Migratory pressure from abroad and populist trends in Europe have already put considerable stress on borderless Europe, despite the open borders being one of its most precious achievements. But what in the past could be seen as annoying yet temporary disturbances attained an entirely different character under the Danish initiative launched in early May 2011. The move to install permanent controls, including customs houses and video surveillance, alarmed not just Brussels but also travellers and business associations EU-wide. Even though the new government has since banished the nightmare by repealing the border measures, one should still not sound the ‘all clear’ signal. With populist parties all over Europe, similar scenarios are likely to arise elsewhere. This paper therefore seeks to clarify a few basic elements to help counter future ‘plots’ against free movement more swiftly, namely that 1) the reintroduction of internal border controls violates EU treaty legislation, no matter whether the measures are based on Schengen or customs provisions; and 2) such border-based checks are highly inefficient compared with modern cross-border cooperation among law enforcement authorities.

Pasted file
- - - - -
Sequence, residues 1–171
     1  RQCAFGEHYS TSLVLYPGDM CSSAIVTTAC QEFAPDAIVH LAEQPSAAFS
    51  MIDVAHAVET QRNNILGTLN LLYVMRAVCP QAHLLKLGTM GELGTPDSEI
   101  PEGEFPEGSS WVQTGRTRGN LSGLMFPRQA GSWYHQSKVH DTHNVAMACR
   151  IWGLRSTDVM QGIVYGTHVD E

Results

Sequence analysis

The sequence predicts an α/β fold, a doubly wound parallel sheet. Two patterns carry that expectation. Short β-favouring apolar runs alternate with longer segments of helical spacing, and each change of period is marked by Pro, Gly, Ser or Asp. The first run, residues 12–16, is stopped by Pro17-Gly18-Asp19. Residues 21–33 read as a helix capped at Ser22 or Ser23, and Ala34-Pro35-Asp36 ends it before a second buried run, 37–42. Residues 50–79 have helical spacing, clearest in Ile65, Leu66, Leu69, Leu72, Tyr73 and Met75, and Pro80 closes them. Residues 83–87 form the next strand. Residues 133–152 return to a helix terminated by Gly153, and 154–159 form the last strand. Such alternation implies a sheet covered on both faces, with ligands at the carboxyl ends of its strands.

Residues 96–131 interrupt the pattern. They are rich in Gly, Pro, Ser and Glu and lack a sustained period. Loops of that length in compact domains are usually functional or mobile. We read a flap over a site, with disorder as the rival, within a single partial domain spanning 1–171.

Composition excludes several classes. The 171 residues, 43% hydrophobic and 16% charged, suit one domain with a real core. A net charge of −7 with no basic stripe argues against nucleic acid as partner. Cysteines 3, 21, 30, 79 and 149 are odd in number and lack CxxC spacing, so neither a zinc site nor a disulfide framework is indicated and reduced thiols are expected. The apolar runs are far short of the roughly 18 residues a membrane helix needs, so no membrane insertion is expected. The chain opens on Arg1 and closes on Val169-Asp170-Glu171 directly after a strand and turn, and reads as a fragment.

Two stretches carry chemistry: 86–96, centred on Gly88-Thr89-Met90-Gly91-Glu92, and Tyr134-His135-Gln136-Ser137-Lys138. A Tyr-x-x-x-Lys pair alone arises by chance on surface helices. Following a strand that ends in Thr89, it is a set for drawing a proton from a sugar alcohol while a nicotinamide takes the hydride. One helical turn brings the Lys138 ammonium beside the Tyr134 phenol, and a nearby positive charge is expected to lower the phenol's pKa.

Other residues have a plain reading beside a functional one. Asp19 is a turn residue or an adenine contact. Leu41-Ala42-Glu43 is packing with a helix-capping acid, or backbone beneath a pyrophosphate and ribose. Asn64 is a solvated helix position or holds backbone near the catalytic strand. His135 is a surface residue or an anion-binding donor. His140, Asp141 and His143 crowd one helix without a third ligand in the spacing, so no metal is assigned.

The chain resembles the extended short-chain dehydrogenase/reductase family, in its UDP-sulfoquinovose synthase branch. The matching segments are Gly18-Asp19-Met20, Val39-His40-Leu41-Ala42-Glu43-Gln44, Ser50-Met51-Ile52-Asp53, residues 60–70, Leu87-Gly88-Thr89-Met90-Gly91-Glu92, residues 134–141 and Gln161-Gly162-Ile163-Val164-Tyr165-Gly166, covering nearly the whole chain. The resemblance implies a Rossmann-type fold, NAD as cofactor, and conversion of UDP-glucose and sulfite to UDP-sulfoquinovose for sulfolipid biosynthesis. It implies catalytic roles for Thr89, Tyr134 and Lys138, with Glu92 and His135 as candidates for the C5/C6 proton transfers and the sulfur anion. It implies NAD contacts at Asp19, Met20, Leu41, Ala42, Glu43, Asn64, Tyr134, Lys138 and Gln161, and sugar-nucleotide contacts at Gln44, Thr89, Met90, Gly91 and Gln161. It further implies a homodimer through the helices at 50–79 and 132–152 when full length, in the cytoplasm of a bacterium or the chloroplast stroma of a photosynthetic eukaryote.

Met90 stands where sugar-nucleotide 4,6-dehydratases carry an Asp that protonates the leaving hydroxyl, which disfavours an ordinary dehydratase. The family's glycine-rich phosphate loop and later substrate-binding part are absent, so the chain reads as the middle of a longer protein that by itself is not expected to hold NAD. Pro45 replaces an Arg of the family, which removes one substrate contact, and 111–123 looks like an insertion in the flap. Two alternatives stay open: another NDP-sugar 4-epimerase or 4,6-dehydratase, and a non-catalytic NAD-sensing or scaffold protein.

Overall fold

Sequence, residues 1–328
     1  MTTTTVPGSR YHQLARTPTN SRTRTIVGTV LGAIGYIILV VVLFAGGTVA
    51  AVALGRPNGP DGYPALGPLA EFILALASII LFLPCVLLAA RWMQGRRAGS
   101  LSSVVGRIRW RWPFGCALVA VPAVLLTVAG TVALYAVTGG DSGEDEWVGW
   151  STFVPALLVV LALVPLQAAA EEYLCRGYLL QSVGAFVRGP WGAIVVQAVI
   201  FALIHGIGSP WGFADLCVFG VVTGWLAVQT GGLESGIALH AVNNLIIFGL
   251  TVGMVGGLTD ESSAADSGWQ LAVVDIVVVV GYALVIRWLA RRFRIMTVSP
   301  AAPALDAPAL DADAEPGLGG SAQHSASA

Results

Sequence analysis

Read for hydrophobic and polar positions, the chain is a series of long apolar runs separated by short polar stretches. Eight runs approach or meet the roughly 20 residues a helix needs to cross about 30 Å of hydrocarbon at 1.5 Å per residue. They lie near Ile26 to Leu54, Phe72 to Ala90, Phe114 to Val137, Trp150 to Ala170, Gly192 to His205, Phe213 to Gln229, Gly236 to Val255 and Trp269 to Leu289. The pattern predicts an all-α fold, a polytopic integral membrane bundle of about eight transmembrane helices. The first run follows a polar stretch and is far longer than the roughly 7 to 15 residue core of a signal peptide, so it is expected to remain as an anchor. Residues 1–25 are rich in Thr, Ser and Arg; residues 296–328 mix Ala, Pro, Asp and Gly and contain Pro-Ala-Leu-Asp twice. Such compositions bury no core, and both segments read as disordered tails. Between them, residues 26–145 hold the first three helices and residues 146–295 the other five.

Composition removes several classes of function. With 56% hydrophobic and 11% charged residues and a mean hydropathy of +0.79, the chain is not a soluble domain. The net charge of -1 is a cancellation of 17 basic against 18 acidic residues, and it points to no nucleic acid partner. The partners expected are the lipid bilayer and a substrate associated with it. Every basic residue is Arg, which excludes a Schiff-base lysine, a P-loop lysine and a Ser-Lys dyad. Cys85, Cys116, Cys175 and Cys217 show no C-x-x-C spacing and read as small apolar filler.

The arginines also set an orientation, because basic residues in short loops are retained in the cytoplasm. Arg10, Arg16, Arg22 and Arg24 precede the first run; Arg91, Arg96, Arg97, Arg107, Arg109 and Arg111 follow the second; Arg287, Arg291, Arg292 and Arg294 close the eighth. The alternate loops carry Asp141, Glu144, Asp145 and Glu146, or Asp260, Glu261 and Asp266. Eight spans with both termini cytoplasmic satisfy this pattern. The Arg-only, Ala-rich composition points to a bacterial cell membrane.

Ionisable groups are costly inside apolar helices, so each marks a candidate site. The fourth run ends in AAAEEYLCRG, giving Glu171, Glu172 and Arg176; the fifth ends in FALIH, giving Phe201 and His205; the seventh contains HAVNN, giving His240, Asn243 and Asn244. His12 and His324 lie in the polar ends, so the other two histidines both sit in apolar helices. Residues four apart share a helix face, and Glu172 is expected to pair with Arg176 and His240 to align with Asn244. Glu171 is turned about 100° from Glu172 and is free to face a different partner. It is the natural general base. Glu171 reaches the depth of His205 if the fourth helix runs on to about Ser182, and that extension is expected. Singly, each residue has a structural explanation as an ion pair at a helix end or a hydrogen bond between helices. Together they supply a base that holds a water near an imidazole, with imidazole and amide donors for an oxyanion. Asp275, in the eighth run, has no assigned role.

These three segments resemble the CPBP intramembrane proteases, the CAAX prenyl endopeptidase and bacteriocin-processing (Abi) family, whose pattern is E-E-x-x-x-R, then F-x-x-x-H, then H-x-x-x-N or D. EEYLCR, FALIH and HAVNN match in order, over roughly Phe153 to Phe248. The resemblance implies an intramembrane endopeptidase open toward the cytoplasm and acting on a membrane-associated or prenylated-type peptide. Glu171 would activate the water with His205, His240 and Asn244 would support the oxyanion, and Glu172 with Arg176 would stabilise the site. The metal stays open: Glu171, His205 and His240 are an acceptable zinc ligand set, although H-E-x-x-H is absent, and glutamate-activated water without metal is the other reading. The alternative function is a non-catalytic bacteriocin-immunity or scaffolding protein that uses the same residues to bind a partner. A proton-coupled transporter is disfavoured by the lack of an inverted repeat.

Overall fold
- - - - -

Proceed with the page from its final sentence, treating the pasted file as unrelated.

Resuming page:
Peter Hobbing is a former official of the European Commission (Justice & Home Affairs) and is an Associate Senior Research Fellow at CEPS.